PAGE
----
Again, though, "fantasy" isn't used as a negative here. Who cares if Mannix is "realistic" or not - whatever that means, anyway? Mannix's job is to entertain, and to provide a surrogate for our own feverish little dreams of power - personal, professional, and sexual - while we ponder a nice little mystery in the bargain. And Mannix does this expertly. The characters in a typical Mannix episode are one step up from "stock" (with terrific supporting actors usually elevating those characterizations higher), while the exposition-heavy plots overwhelm the viewer with detail to delightfully confuse them in the best noir fashion. Sometimes the action predominates (The Sound of Darkness, which references Wait Until Dark nicely); sometimes it's the characters (The Playground features Robert Conrad doing what he does best: playing an obnoxious ass), and sometimes the mystery prevails (the terrific Murder Revisited is very much in the Columbo mold). Direction is often top-notch, as well. Sutton Roley, a veteran of numerous TV episodes and movies, comes up with a truly intriguing method of using extreme close-ups as uncut bridges to flashbacks in A Question of Midnight) that I found noteworthy (did they use flying sets to accomplish this?), while most other Mannix directors keep the pace solid and driving along (I also noticed quite a bit hand-held camerawork, which was creeping into staid, formalized TV shooting just at that time). Of course, none of this would matter if Mike Connors wasn't so...Mannix-y. It's a cliché about successful television, but the "likeability" factor is still a key ingredient to a winning series formula, and certainly Connors fits the bill here. It's always dangerous to assume any similarities in personality between actors and the characters they play, but you get the feeling, at least, that maybe Connors is as laid-back and "regular" as Joe Mannix. There's an inherent decency to the Mannix character - he never turns down a first kiss from some urgent woman, but he's just as likely to stop it right there - that's quite appealing inbetween the inhuman bashings he gives and gets. Without Connors' decent guy/tough guy balancing act, it could be easy to chalk Mannix up as some kind of sado-masochist who doesn't exactly mind the appeal of a well-applied leather sap to the noggin. It may not have been a challenging role for the actor to play over and over again, for eight seasons, but Connors seems game throughout: a handsome, well-dressed, well-appointed, charming, down-to-earth guy who's equally tough and romantic. In other words, the perfect fantasy figure for both men and women.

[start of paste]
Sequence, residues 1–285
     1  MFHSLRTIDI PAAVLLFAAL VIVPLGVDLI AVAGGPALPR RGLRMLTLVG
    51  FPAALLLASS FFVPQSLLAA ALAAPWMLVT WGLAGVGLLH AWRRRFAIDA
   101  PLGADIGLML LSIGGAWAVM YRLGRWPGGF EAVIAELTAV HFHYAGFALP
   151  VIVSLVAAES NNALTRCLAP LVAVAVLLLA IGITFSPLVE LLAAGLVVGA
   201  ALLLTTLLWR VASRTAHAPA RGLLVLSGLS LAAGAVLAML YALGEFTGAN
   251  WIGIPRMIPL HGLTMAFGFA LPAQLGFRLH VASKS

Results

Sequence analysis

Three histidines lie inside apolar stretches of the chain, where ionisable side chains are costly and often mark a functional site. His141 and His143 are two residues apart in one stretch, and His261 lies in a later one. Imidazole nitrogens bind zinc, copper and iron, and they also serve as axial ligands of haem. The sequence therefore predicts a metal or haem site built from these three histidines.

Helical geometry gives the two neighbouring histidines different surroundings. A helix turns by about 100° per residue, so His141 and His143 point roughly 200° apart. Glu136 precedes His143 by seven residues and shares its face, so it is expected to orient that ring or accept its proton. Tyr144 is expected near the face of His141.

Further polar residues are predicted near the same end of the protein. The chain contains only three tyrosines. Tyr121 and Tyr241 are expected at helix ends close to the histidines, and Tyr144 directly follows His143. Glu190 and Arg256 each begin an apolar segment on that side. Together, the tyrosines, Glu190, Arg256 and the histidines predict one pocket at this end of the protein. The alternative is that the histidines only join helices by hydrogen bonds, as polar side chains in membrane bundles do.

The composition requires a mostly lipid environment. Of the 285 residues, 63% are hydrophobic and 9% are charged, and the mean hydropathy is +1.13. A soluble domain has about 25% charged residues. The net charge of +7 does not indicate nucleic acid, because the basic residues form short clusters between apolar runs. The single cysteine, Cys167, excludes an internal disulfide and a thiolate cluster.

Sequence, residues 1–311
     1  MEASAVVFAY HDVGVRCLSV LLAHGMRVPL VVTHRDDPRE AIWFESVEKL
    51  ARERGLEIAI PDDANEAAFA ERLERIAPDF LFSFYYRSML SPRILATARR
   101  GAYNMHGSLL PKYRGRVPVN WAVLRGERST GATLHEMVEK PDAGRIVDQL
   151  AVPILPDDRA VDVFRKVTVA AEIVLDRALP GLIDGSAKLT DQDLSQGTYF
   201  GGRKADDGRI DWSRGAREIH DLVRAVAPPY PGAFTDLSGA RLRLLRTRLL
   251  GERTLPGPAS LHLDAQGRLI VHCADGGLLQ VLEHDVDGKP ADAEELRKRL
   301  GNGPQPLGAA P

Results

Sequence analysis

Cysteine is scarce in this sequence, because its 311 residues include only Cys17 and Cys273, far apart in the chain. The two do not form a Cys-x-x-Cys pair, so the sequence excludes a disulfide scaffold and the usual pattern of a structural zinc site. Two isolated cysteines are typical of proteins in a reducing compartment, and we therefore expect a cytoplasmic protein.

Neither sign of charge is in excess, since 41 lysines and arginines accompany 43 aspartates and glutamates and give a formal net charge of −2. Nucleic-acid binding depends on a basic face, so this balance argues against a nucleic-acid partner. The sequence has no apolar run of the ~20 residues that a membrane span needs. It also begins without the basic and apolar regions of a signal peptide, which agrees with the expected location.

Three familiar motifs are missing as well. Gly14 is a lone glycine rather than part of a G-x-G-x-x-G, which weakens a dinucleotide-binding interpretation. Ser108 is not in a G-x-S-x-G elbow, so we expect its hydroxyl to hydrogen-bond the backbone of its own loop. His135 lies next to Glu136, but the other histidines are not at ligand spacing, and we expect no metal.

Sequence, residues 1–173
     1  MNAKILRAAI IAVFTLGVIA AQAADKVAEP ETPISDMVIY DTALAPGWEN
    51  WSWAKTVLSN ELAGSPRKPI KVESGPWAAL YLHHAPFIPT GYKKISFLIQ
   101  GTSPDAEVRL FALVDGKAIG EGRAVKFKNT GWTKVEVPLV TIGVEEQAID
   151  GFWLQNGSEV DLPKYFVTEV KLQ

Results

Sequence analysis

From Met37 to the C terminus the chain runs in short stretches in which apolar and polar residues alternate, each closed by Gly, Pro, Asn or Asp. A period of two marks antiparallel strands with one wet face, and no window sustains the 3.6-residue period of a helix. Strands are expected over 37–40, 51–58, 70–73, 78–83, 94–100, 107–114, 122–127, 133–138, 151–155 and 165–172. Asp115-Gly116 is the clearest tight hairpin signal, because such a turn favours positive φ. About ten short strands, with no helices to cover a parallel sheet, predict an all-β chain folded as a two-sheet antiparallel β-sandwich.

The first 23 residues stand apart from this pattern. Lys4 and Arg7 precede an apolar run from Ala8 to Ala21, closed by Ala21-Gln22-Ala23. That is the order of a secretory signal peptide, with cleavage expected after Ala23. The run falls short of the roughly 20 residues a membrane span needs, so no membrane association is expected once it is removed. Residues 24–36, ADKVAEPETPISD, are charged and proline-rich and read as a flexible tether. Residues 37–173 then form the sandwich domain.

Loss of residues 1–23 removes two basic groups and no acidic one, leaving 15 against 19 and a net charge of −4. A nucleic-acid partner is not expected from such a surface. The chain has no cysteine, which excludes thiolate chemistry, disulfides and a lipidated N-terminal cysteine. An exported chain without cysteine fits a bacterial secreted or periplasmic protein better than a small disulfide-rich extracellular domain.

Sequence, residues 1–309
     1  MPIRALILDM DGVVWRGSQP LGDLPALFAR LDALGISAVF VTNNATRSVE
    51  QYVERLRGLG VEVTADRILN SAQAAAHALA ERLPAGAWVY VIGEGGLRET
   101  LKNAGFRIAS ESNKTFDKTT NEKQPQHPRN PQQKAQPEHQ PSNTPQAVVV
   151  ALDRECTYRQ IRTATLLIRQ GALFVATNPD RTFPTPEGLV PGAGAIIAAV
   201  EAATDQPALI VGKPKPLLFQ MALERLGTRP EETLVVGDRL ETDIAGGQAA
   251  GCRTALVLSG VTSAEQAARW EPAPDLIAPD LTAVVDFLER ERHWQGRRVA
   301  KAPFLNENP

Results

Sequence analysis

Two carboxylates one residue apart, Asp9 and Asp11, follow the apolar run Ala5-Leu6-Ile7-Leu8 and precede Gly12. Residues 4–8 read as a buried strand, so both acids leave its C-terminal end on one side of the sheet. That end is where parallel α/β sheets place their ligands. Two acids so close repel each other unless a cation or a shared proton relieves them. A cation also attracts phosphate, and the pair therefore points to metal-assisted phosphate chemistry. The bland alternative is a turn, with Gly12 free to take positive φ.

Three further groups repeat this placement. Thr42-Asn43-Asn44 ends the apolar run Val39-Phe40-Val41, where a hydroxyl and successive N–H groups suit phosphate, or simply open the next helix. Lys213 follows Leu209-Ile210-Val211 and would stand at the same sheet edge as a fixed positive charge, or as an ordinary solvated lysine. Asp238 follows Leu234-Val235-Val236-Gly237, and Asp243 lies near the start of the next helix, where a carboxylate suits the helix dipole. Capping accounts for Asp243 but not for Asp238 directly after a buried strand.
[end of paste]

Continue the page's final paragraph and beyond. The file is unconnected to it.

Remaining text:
Here are the 25 episodes of the 6-disc set, Mannix: The Third Season, as described on the flip side of the cover artwork. Please note: there is the now-standard Paramount warning, in tiny font, that "some episodes may be edited from their original network versions." If these were, I didn't see any obvious signs of tampering. All the run times came in at around 51 minutes, which seems right if you lose the standard promos and bumpers that originally aired with the episodes (the loss of which might account for that warning). Any hard-core, hard-nosed Mannix experts that spot something amiss, please email me and I'll amend the review.
Eagles Sometimes Can't Fly (9/27/69)
Color Her Missing (10/4/69)
Return to Summer Grove (10/11/69)
The Playground (10/18/69)
A Question of Midnight (10/25/69)
A Penny for the Peepshow 11/1/69)
A Sleep in the The Deep (11/8/69)
Memory: Zero (11/22/69)
The Nowhere Victim (11/29/69)
The Sound of Darkness (12/6/69)
Who Killed Me? (12/13/69)
Missing: Sun and Sky (12/20/69)
Tooth of the Serpent (12/27/69)
Medal for a Hero (1/3/70)
Walk With a Dead Man (1/10/70)
A Chance At the Roses (1/17/70)
Blind Mirror (1/24/70)
Harlequin's Gold (1/31/70)
Who is Sylvia? (2/7/70)
Only One Death To a Customer (2/14/70)
Fly, Little One (2/21/70)
The Search For Darrell Andrews (2/28/70)
Murder Revisited (3/7/70)
War of Nerves (3/14/70)
Once Upon a Saturday (3/21/70)
Paul Mavis is an internationally published film and television historian, a member of the Online Film Critics Society, and the author of The Espionage Filmography.